I think we have a tremendous case as far as Partition is concerned in respect of two whole counties in the North and in respect of bits of other counties. We have put forward that case in pamphlets and in official records from time to time. Not enough use has been made of that abroad. The history of this country since 1916 has been that it was mainly by argument and not by force, aided by friends of ours particularly in the United States, that we went through eventually to the Treaty and, from the Treaty, to the condition in which we now find ourselves.
If we have a good case, it should be argued. The stronger our case is, the greater the reason for having it argued at any of these international conferences which we attend. Shouting  our case aloud would be of very little use because we would antagonise everybody and get nowhere. However, quiet argument, particularly argument amongst delegates in small meetings, can be very effective. One knows from these conferences that the amount of work done outside the conference rooms themselves is very considerable. People have a chance to get in touch with people who are reasonably disposed and can then proceed by way of argument, documentation, statistics, and so on, to make it clear to them how strong our case is at least for the return to us of two whole counties and certain bits of counties.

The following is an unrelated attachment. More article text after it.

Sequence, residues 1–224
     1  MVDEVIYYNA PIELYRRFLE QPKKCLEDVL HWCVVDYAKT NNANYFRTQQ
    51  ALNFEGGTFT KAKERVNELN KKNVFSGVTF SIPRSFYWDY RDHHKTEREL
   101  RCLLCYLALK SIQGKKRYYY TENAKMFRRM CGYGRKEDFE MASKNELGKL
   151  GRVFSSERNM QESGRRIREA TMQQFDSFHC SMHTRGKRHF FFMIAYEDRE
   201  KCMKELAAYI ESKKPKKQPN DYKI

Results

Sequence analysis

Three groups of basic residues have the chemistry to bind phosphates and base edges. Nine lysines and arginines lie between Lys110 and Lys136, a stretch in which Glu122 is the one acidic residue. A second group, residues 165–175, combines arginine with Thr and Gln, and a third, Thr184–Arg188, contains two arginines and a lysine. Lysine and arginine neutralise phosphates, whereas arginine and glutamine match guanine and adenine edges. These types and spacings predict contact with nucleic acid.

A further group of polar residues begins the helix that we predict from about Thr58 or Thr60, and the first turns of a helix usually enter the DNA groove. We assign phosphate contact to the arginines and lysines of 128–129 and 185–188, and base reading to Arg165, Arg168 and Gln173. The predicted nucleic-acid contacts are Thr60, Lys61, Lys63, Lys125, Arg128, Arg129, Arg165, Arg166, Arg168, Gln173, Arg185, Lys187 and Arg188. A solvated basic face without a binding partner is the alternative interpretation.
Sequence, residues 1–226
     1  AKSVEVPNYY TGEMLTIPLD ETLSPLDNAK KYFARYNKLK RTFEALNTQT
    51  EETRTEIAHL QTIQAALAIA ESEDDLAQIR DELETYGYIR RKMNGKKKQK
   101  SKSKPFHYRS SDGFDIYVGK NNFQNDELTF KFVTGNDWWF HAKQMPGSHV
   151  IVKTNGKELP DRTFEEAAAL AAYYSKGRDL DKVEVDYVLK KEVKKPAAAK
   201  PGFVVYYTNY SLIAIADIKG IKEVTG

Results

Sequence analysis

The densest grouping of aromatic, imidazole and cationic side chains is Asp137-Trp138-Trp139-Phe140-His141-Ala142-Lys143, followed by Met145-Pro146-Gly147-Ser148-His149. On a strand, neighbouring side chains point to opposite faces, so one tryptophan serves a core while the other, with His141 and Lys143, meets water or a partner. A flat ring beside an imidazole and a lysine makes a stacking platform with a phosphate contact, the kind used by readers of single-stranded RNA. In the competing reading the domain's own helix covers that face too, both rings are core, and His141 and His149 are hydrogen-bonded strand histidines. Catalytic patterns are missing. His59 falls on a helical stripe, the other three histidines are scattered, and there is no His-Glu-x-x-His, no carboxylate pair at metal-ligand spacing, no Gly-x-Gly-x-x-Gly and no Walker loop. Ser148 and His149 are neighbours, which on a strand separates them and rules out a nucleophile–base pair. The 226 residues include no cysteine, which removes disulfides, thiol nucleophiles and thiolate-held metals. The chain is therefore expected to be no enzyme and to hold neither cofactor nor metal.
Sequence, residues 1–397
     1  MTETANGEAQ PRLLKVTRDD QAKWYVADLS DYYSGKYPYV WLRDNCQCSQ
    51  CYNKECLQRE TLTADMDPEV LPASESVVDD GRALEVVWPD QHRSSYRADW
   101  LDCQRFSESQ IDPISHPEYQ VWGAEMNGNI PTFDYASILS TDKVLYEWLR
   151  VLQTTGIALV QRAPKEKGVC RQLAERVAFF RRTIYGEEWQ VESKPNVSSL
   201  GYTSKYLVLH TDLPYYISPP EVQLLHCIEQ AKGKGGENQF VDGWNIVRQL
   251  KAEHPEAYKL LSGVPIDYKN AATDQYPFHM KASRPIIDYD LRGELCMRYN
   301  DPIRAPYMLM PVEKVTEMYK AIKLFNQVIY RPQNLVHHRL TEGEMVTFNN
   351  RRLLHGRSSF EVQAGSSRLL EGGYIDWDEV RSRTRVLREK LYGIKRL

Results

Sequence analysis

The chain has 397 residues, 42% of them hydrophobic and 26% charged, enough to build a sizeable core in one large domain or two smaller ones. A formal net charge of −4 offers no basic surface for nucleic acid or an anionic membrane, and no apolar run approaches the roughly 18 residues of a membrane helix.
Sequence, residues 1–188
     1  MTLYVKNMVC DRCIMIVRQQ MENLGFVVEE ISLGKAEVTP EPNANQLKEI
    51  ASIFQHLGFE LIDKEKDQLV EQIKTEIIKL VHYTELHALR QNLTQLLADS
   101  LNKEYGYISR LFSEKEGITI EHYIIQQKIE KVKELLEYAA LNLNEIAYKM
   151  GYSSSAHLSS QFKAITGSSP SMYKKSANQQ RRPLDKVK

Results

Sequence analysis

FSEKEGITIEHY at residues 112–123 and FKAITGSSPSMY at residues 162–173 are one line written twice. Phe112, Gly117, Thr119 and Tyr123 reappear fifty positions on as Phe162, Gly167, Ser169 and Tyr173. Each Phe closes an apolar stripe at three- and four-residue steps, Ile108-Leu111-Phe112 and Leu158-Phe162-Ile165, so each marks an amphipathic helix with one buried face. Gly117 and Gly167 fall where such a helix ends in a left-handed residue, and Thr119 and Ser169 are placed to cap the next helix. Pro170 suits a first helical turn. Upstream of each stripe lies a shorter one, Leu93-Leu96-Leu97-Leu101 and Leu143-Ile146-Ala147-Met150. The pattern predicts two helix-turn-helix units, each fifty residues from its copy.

I do not see how that can be described as an attack on brother Irishmen. If these brother Irishmen of ours are doing something that is wrong in holding down people whom they have no right to hold down then we are not doing anything wrong against such brother Irishmen in exposing what they are doing in that way. Some of our so-called brother Irishmen are very ready to proclaim that, by origin, they are Planters in that area and boast that they come from Scotch folk and that they do not at all accept the term “Irish”. They number only a small group of people in the North against us but unfortunately they are a strong group financially, commercially and, under their system of voting in their Parliament at Stormont.
I suggest we should not accept these defeatist plans simply to let Partition go by. I suggest we should not accept the situation as it is. We should try to work amongst friends of ours. To that extent, we should try to clutch to ourselves such friends as are there and try to make new friends instead of antagonising those who have a tendency towards us by activities of no value to this country which may only be destructive of the good friendship we might be able to make and maintain with other people.